Dot Wordsworth

Mind Your Language | 17 May 2003

A Lexicographer writes

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Sir Ned Sherrin is beautifully vindicated by Mrs Beeton. He had wondered (Mind your language, 15 March) whether 'morning performances' of plays mightn't, like other morning social activities of the mid-19th century, have been undertaken in the afternoon. His particular interest was the

matinée performances staged by Squire Bancroft at the Prince of Wales's Theatre, which he took over in 1865. This theatre, later named the Scala, was in Tottenham Street, near Tottenham Court Road, London, and was in the later 1860s the sharp end of new, realistic drama by playwrights such as Tom Robertson.

The use of morning to mean 'afternoon' is nowhere more neatly illustrated than in the first edition of Mrs Beeton's Book of Household Management (1861, just a few years before Bancroft's matinées). A facsimile of this otherwise rare and subsequently much adulterated book is published at a moderate price by the enterprising Southover Press. 'After luncheon,' Mrs B. says, 'morning calls and visits may be made.'

But when was luncheon, and who ate it? Answers to these and other tantalising puzzles are found in Movable Feasts by Arnold Palmer (Oxford, 1952). I know, because an intelligent and kind reader wrote to recommend it. Who it was we may never know because my husband has 'tidied up'. When did he last tidy up, or ever tidy up? Well, he has now, he claims, and the letter may be in the same place as the cat's flea-collar, wherever that has got to.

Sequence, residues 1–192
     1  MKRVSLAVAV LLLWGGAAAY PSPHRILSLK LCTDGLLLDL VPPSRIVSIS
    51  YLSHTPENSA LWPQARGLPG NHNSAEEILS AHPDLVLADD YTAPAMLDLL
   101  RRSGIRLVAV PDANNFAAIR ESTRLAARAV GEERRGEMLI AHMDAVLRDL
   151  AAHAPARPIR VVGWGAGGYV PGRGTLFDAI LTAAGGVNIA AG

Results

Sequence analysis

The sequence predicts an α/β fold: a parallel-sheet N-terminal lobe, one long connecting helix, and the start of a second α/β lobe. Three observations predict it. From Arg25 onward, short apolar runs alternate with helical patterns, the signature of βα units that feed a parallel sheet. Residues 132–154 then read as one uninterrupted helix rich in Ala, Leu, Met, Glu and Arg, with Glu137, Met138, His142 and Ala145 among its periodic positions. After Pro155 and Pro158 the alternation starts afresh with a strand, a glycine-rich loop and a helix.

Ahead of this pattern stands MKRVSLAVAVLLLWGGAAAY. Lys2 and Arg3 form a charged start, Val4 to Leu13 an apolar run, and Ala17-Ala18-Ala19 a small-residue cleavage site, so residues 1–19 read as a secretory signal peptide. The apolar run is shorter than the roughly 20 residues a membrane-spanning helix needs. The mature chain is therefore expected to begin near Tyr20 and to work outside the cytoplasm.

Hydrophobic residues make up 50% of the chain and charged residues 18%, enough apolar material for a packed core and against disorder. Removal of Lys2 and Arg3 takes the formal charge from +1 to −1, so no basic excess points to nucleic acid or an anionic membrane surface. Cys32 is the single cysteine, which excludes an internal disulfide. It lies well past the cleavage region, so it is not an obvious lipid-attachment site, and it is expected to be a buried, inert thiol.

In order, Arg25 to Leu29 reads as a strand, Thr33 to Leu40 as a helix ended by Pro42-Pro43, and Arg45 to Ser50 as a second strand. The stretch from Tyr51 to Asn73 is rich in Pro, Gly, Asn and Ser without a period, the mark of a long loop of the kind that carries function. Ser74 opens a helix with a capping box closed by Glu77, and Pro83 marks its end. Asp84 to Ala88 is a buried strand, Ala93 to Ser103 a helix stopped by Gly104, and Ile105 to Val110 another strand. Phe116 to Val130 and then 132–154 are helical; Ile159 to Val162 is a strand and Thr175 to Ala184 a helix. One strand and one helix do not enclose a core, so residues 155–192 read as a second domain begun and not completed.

Palmer is excellent, and should be republished immediately. He starts at

1780, jumps to 1815, then to the 1830s and then to the 1860s, our territory. Drawing on diaries and novels, he tells us when people ate what and with whom, with eventual focus on the introduction of afternoon tea. In 1789 dinner was between 3 and 5 p.m.; 1815, 4.30 or 5; in 1828 at Brooks's dinner was at 4.30, but society dinners at home could be at 8 p.m.

Mr Podsnap in Our Mutual Friend (1864) had this pigeonholed view: 'The

world got up at eight, shaved close at a quarter past, breakfasted at nine, went to the City at ten, came home at half-past five, and dined at seven.' No lunch mentioned. Women might have it with the children at home. But the later dinner clashed with theatre performances beginning at 6.30 or 7 p.m. Palmer suggests that most theatregoers (not being in society) happily ate tea at 5.30 p.m. But one can see Bancroft's point in introducing 'morning' performances before dinner. For more, go to Palmer, if you can find a copy.